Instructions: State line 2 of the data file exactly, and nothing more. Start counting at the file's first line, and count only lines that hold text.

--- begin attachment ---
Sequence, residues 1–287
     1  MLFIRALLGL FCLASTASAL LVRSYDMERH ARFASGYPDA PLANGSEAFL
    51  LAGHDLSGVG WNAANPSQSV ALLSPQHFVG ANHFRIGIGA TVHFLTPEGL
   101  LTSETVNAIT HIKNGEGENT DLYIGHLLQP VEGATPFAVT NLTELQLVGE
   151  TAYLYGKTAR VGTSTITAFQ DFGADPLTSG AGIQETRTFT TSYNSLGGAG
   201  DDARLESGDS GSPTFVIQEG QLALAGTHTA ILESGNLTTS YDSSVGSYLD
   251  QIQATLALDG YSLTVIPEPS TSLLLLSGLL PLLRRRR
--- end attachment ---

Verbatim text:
     1  MLFIRALLGL FCLASTASAL LVRSYDMERH ARFASGYPDA PLANGSEAFL